Regeneron advances antitrust lawsuit against Novartis with appeals court's backing

Did Novartis break U.S. antitrust laws in the storied Eylea-Lucentis rivalry? Thanks to an appeals court ruling, Regeneron has another chance to lay out its argument.

The U.S. Court of Appeals for the Second Circuit has reversed (PDF) a lower court’s ruling to dismiss Regeneron’s antitrust lawsuit against Novartis, saying Regeneron has met the burden to warrant further legal proceedings.

Novartis and its partner Vetter Pharma must now defend against Regeneron’s allegation that the companies conspired to use a patent to delay competition from a prefilled syringe version of Regeneron’s eye drug Eylea, which was originally presented in vials. 

Prefilled syringe versions of Lucentis and Eylea are preferred over vials because of their accuracy, convenience and significantly lower risk of complications and infections. After the pharma rivals launched their respective drugs in vials, they raced to develop prefilled syringe versions to gain an edge over one another.

The Eylea-Lucentis legal battle started in 2020, when Novartis filed a patent infringement lawsuit against Regeneron focused on the so-called “’631 patent” covering prefilled syringe technology. That patent was invalidated by the U.S. Patent and Trademark Office in 2022, a decision Novartis is appealing.

About a month after Novartis launched the patent litigation, Regeneron filed the antitrust lawsuit against Novartis and Vetter.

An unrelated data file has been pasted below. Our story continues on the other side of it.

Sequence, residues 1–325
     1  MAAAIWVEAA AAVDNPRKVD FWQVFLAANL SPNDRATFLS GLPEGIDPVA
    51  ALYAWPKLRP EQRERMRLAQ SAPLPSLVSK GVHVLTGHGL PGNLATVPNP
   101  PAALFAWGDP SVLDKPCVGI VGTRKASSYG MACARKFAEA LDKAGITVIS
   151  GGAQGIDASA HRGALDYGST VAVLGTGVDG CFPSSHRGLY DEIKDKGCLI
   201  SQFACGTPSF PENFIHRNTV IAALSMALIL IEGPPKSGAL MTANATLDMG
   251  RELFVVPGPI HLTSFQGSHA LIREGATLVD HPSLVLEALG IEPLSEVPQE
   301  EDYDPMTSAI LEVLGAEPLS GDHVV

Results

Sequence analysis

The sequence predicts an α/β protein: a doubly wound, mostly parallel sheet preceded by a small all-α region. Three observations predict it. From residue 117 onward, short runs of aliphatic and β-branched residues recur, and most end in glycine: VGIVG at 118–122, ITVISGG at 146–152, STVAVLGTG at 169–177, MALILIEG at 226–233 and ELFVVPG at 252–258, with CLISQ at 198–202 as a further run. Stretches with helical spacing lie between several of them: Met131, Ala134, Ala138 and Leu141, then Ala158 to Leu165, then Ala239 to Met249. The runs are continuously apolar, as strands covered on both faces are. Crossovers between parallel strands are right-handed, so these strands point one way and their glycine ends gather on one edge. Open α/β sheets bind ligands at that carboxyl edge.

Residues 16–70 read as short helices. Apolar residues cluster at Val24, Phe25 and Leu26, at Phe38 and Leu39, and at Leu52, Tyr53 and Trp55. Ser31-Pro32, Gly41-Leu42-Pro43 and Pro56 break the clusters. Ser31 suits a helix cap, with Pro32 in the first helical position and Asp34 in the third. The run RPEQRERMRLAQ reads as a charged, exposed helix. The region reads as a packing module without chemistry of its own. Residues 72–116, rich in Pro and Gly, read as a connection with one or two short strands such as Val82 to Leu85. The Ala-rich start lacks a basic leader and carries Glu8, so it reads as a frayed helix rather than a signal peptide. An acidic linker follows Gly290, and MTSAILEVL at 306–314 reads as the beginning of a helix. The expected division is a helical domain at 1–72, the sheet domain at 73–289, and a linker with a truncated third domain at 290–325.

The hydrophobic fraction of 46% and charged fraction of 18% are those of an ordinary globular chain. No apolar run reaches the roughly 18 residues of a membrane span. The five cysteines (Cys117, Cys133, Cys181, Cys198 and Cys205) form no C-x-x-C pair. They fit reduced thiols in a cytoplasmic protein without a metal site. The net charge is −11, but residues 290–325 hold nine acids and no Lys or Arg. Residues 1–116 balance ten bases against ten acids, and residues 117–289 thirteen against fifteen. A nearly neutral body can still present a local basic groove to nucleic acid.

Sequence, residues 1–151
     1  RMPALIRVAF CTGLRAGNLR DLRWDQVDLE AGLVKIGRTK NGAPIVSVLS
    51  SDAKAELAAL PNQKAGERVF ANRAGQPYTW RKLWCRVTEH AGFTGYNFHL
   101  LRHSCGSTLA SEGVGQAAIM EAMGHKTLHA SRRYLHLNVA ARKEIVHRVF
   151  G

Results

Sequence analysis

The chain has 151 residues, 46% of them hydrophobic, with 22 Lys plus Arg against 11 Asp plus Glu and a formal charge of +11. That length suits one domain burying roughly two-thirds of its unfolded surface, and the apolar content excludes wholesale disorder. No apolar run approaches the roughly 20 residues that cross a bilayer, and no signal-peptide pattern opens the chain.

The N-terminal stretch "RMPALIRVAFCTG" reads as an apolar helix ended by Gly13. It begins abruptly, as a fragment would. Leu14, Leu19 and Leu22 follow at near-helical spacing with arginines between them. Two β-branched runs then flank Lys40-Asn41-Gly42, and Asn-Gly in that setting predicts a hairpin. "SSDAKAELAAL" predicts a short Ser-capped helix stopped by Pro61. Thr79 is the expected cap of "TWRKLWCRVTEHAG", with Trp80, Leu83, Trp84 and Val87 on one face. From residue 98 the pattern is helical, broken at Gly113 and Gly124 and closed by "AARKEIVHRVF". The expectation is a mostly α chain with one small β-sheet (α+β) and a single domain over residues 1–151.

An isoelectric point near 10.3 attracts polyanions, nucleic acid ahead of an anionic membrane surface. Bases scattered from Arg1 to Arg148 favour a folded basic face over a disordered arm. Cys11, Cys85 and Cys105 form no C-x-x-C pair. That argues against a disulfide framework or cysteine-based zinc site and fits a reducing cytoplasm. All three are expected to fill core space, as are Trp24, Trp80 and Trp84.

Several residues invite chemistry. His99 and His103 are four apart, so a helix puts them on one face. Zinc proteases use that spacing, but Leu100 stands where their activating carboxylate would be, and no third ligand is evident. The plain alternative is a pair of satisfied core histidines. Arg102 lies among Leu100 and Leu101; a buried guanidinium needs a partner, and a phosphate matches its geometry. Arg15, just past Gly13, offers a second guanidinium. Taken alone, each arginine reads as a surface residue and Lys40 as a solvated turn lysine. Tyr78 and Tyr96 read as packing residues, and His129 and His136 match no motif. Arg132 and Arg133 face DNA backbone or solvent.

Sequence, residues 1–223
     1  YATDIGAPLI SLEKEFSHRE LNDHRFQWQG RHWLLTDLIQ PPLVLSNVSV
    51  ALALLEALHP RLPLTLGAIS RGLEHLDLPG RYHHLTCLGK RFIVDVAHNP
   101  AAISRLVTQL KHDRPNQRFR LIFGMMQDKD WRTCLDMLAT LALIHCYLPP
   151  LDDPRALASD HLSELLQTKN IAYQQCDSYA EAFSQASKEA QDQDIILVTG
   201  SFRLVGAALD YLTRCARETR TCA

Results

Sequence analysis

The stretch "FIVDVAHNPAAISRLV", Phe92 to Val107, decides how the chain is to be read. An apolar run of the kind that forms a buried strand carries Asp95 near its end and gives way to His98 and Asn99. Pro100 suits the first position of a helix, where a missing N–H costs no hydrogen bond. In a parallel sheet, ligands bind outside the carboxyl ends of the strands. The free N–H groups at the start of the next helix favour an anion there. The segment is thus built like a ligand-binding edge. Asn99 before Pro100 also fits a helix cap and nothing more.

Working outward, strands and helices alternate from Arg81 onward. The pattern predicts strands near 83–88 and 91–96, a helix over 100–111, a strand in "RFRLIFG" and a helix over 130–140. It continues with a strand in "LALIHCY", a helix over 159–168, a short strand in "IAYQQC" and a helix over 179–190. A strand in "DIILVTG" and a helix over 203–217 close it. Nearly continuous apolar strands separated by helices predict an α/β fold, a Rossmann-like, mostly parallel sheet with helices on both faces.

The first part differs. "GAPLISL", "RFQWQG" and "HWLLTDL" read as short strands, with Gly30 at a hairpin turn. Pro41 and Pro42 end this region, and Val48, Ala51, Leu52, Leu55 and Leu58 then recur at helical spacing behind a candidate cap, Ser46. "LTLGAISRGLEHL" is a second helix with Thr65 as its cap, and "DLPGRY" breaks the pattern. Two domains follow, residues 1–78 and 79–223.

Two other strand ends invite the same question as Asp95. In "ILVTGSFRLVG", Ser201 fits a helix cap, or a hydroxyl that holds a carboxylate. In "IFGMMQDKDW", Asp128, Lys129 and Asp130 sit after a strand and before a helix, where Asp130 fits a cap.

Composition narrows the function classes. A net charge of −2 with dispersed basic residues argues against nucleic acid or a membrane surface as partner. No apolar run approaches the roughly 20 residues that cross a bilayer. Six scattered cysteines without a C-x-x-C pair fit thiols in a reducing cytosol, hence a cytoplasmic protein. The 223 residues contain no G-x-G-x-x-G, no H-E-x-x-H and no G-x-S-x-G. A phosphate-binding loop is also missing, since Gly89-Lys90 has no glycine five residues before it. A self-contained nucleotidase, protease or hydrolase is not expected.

Regeneron partnered with Vetter in 2005 to develop a prefilled syringe version of Eylea. But, according to Regeneron, Vetter in 2009 secretly entered into a similar deal with Novartis around Lucentis, which led to Novartis obtaining the ’631 patent in 2015.

In the years following 2009, Vetter took several steps that Regeneron alleged were intended to help Novartis monopolize the prefilled syringe anti-VEGF market. Regeneron also alleged that Novartis fraudulently obtained the ’631 patent by withholding information from authorities.

Novartis and Vetter’s actions delayed the launch of the Eylea prefilled syringe by several years as Regeneron worked to establish a new supply chain for the updated product, Regeneron contends. When the prefilled version reached the market in late 2019, 80% of Eylea patients switched to it within six months, according to Regeneron.

At the center of the two courts’ contrasting decisions is whether anti-VEGF prefilled syringes constitute their own market that’s separate from the market for vials.

The lower court judge, in dismissing Regeneron’s case in 2022, focused on the similarities between the two product types and figured they compete in the same market. 

The appeals court sided with Regeneron, saying that the New York company made plausible antitrust allegations.

“The fact that vials and [prefilled syringes] contain the same medicines and treat the same condition does not automatically mean that they compete in the same market,” the appeals court said in an opinion.

Previously, the Department of Justice and the Federal Trade Commission also argued that the district court made errors in its legal analysis.

Whether vials and prefilled syringes constitute separate antitrust markets shouldn’t be viewed from the perspective that they are “functional” substitutes for each other, the federal agencies said in an amicus brief (PDF). Instead, the evaluation should take place from the perspective of consumers.

Thanks to increased competition, Lucentis last year brought Novartis about $1.5 billion in sales, which marked a 21% decline over 2022. Novartis' U.S. marketing partner Roche saw its Lucentis revenues drop 52% to 452 million Swiss francs (about $510 million).

Regeneron, for its part, recorded $5.9 billion sales for Eylea in the U.S. alone in 2023.